+However, for each row in obsinfo we might have several entries in receiver_calibration (for different polarization channels and frequencies). ​
 +To find the row which is closest in frequency, we could let compute MySQL the difference in frequency between both tables:
 +<code SQL>​SELECT o.object,​o.scan,​o.febe,​o.restfreq,​c.frequency,​abs(o.restfreq/​1.e6-c.frequency) as diff,​c.baseband,​
 +   ​c.tcal,​c.tsys FROM effdb.obsinfo o INNER JOIN effdb.receiver_calibration c ON locate(c.frontend,​o.febe)>​0 ​
 +   where o.projectid='​17-10'​ AND o.subsnum=1 order by o.obstimestamp desc,​c.frequency ,c.baseband asc LIMIT 0,​1000</​code>​
 +It would be also possible to just show the results with the smallest frequency "​diff"​ values, but this would require nested queries, which we omit here for now. 
 +===== Exporting data =====
 +It is very easy to save the results into a (csv-)file for further use (file -> export resultset -> csv). An example:
 +<code SQL>​SELECT lst,azim FROM effdb.obsinfo o where lst>0 LIMIT 0,​100000</​code>​
 +Plotting this does not reveal amazing scientific wisdom, yet looks nice.\\
 +===== Useful queries =====
 +Find all spectroscopic ON-OFFs toward a known calibrator.
 +<code SQL>​SELECT object,​projectid,​observer,​scan,​obstimestamp,​azim,​elev,​febe,​feversion,​
 +    bandwidth,​restfreq FROM effdb.obsinfo o where scantype='​ONOFF'​ and scanmode='​SAMPLE' ​
 +    and object regexp '​(3C48|3C123|3C161|3C147|3C286|3C295|3C196|3C138|NGC7027|W3OH)' ​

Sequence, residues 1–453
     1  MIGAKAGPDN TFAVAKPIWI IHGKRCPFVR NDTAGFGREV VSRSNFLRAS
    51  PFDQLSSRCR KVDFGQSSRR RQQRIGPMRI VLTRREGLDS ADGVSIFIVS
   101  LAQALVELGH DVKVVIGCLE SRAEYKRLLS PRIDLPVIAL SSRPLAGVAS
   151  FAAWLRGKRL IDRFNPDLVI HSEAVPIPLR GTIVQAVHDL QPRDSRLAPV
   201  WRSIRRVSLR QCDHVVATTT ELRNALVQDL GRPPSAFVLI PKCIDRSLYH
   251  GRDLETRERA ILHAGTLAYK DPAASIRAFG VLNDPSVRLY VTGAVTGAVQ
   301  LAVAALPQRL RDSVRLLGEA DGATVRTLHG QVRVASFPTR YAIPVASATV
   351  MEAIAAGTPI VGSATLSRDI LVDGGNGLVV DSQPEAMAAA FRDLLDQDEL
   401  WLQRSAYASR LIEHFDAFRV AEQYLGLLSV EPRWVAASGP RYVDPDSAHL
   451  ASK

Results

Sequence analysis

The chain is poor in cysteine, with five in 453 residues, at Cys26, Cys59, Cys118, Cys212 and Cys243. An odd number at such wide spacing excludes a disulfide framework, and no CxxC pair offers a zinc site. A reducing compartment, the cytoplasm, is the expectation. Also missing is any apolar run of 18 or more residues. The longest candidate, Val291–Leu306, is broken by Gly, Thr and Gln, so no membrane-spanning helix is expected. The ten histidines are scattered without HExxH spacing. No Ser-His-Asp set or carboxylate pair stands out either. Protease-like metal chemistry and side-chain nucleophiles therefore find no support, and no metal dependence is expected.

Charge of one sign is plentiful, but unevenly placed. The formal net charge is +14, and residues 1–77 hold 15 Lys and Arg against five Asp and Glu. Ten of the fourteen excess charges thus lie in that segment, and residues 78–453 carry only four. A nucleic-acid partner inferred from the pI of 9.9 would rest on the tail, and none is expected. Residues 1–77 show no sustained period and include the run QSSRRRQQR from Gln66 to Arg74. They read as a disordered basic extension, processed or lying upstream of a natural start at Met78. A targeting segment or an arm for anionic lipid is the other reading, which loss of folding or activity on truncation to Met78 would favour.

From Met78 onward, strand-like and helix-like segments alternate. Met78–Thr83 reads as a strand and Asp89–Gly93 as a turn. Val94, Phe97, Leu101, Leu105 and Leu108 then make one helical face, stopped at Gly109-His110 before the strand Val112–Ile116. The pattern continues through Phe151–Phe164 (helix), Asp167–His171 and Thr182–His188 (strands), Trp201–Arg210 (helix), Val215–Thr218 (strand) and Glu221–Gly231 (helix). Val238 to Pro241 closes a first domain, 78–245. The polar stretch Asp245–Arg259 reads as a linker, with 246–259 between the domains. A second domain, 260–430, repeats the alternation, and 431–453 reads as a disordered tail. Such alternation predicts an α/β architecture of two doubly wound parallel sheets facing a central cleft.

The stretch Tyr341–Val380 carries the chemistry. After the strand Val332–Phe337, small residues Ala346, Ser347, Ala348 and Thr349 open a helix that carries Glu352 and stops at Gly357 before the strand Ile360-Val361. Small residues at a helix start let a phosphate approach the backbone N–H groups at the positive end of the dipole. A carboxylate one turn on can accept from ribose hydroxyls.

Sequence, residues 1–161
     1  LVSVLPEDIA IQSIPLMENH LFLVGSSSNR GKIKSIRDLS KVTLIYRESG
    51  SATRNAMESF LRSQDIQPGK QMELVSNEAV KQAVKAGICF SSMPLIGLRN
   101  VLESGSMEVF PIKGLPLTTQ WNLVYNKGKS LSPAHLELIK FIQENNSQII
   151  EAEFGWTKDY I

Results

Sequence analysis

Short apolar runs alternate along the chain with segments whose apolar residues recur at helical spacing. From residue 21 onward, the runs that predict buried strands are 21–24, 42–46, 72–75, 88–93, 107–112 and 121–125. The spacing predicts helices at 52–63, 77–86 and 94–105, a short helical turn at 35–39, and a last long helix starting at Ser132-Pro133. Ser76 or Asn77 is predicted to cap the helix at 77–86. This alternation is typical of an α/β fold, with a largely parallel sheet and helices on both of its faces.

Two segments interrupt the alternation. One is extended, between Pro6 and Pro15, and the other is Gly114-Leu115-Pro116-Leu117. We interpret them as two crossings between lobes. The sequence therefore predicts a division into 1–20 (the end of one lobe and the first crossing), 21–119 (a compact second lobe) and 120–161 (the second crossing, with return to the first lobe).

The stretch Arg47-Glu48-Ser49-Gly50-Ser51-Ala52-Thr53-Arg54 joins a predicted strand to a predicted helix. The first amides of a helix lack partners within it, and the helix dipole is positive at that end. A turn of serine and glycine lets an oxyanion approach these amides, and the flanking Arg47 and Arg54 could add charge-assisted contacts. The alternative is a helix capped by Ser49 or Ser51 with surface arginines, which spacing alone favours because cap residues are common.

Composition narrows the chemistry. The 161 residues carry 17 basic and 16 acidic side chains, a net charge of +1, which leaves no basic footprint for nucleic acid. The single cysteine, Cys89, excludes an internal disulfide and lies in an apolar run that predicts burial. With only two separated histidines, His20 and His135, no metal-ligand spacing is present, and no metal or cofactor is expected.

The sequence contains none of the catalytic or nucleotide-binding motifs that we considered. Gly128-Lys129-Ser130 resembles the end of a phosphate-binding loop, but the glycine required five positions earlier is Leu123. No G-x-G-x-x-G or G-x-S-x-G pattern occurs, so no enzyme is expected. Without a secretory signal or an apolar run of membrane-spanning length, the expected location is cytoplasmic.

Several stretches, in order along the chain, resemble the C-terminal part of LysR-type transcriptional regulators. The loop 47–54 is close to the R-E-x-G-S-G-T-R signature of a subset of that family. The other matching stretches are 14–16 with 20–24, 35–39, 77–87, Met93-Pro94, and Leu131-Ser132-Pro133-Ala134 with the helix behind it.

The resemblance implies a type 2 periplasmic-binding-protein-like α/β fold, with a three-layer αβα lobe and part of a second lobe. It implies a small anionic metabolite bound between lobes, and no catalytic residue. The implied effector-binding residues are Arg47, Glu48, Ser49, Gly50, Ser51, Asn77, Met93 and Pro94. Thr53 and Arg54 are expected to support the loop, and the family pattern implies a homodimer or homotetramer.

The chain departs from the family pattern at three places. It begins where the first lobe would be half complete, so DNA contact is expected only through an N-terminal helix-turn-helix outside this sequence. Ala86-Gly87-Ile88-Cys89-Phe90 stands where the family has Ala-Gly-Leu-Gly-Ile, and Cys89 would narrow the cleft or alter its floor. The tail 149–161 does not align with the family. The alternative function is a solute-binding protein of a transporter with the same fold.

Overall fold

+    and obstimestamp>​='​2011-05'​ order by obstimestamp desc </​code>​
 +===== Using python to work with the database =====
 +The following shows an example Python script which queries the database to show the exposure time of every W3MAIN observation since Feb, 2012.
 +<code python>​import MySQLdb
 +import sys
 +# please ask our staff members for account details
 +def connectToDB(host = "​",​port=3307,​user = ""​ ,passwd = "",​db = "​effdb"​): ​
 +    connected=False
 +    conn=None
 +    try:
 +        conn = MySQLdb.connect (host = host,​port=port,​user = user,passwd = passwd,db = db)
 +        print "​successfully connected to db"
 +        connected=True
 +    except MySQLdb.Error,​ e:
 +        print "Error %d: %s" % (e.args[0], e.args[1])
 +        connected=False
 +    return conn,​connected
 +if not connected:
 +    print "could not connect to database"​
 +    sys.exit(1)
 +squery="​select obstimestamp,​sum(24.*3600.*(sublastmjd-subfirstmjd)) ​
 +        from effdb.obsinfo where object like '​W3MAIN'​ and 
 +        obstimestamp>'​2012-01'​ group by obstimestamp"​
 +print squery
 +cursor = conn.cursor ()
 +cursor.execute (squery)
 +sqlResult = cursor.fetchall ()
 +#print self.row
 +if len(sqlResult)>​0:​
 +    for a in range(len(sqlResult)):​
 +         print sqlResult[a][0],":",​int(sqlResult[a][1]+0.5),"​seconds"​
 +    print "no entries found"
 +<​code>​2012-01-04T15:​34:​15 : 116 seconds
 +2012-01-04T23:​01:​49 : 116 seconds
 +2012-01-04T23:​05:​59 : 116 seconds
 +2012-01-04T23:​12:​07 : 116 seconds
 +2012-01-04T23:​15:​09 : 118 seconds
 +2012-02-06T21:​05:​10 : 116 seconds
 +2012-02-06T21:​10:​34 : 112 seconds
 +2012-02-08T15:​51:​34 : 116 seconds
 +2012-02-08T15:​59:​26 : 116 seconds
 +Note, that in order to connect to the server a local tunnel to the MPIfR SQL Server has to be created. Furthermore,​ the "​MySQLdb"​ Python Module needs to be installed. Please ask local staff for help, or login to "​observer5"​ (where everything is already installed) to run the scripts.
information_for_astronomers/user_guide/tips_database.txt ยท Last modified: 2013/07/31 22:24 (external edit)